It’s finally here! Google Analytics has released new social analytics reports feature allows you to track your social interactions on your website, blog, OR on your social media pages. Of course there are many ways to track your social media, but if you already have Google Analytics, you get the whole package now. Here is an overview of the tabs under social reports and what you’ll see.

• Source/Pages–Discover where your social traffic originates: This identifies the networks where people are engaging with your site. For example, if you have a ton of blog posts on Facebook and someone clicks on those it’s going to show you how many page views, visits, etc. It also compares your overall visits with visits via social referral.

• Conversions–Measure the Value of Social: Set up a monthly/weekly social campaign and align them with your goals, conversion, and ecommerce transactions, then measure the success and impact of your campaign. In order for you to see data for the conversions, you must set up and define goals and goal values. Before they define a goal, you need to decide the following:

     – The name of the goal: Use a name that is easy to recognize when you view the goals in your reports. For example: newsletter sign-up.

     – Goal funnel steps (optional): These pages represent steps leading up to the goal. For example, if you have several pages as part of your checkout process, you might want to define these as goal funnel steps. Defining a goal funnel will allow you to see (in the Funnel Visualization report) how far visitors get along the path to conversion and whether they drop out before completing particular steps. Selecting the required step check box next to a step means that visitors must go through that page in order for their conversion to be counted in the Funnel Visualization report. The checkbox does not affect conversions reported in other reports.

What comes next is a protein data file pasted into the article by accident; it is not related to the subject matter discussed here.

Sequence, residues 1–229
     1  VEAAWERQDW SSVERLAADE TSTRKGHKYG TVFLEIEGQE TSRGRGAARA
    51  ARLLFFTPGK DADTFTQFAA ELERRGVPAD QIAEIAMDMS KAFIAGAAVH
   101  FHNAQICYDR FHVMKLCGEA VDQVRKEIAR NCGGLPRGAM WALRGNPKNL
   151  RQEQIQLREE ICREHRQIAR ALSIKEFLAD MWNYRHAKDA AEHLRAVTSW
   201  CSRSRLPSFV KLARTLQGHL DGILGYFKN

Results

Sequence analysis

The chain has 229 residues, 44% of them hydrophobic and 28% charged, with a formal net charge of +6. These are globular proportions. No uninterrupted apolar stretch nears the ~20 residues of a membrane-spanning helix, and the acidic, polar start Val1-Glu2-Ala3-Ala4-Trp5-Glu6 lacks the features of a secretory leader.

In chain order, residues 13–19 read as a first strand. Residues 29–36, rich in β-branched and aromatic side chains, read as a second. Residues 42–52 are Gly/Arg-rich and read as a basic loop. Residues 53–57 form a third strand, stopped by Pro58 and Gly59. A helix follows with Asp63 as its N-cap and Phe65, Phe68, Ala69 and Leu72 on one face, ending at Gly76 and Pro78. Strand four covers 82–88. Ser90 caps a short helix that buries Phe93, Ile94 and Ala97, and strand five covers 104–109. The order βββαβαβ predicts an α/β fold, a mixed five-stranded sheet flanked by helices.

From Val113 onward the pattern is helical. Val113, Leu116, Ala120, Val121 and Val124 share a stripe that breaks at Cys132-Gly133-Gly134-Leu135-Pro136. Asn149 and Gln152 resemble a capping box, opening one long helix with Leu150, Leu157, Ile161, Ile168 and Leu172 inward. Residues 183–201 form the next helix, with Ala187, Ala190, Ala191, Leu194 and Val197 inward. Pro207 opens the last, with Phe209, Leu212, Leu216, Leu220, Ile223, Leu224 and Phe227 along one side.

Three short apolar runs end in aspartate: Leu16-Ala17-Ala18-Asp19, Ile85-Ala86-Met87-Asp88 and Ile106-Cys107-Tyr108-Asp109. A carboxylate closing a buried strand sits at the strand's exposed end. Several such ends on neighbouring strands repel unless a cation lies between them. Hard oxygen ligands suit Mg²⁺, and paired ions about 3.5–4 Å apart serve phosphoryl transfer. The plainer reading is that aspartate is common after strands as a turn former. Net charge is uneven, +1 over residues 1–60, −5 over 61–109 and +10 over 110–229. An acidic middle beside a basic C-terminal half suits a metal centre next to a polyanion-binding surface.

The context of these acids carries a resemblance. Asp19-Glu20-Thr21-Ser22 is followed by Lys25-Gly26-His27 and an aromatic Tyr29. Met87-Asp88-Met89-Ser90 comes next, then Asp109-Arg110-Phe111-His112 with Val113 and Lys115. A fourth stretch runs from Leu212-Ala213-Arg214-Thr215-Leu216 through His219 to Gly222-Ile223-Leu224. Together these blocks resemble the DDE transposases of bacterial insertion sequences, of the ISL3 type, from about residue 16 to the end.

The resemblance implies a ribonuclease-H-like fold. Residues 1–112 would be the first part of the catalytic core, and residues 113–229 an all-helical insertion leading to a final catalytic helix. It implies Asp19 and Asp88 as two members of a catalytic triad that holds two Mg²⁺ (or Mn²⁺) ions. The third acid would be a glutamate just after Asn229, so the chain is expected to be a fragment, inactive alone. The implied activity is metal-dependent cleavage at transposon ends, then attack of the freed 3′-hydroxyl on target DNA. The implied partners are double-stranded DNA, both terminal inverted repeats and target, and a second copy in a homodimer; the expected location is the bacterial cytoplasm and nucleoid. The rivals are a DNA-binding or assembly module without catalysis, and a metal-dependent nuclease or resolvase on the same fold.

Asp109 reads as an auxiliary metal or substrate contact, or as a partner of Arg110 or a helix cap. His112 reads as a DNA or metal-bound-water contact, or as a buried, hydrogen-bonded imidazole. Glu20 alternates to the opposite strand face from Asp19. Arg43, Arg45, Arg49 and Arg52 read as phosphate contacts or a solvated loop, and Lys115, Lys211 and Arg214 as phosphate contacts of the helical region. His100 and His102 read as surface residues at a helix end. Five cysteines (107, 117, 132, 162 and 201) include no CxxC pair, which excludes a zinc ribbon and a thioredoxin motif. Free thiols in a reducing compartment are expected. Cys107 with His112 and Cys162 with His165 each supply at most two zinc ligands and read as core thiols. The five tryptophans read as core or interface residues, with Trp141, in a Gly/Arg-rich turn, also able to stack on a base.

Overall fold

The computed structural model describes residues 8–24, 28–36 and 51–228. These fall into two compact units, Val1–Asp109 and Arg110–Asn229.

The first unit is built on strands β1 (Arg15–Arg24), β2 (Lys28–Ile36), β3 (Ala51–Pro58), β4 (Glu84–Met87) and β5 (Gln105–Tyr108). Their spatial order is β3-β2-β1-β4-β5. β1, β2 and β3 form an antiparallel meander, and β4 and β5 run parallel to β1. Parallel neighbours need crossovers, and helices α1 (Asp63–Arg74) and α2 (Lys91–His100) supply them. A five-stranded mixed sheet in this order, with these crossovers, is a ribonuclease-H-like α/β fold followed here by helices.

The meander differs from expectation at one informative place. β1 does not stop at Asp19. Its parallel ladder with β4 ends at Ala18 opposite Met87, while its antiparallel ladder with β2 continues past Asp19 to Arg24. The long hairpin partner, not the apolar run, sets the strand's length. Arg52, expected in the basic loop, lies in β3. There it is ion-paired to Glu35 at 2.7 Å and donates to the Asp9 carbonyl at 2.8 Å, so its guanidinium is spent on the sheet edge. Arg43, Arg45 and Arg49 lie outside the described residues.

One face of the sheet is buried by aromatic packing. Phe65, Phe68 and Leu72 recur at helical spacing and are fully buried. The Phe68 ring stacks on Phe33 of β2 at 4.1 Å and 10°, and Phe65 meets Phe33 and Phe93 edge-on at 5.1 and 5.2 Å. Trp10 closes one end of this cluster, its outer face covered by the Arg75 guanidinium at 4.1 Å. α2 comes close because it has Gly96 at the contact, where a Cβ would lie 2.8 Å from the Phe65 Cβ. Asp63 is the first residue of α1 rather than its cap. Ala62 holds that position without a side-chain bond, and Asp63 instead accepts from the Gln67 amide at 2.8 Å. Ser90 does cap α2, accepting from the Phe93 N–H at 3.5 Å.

– The value of the goal: For lead-generation or other non-ecommerce goals, use an assigned value. For ecommerce goals, use zero (see Special-Case Goals and Funnels before setting up ecommerce goals).

• Social Plugins–Measure Your On-site Engagement: Track your social plugins. Find out which buttons are being clicked (and for which content), what is being “liked”, shared, AND by which network–really nice for a blog! You can use that information to create more content of whats popular with their visitors.

If you are running social media campaigns, I highly recommend getting into your analytics account and start tracking or if this is information overload, we are certainly here to help guide you through it. Go ahead, give us a call!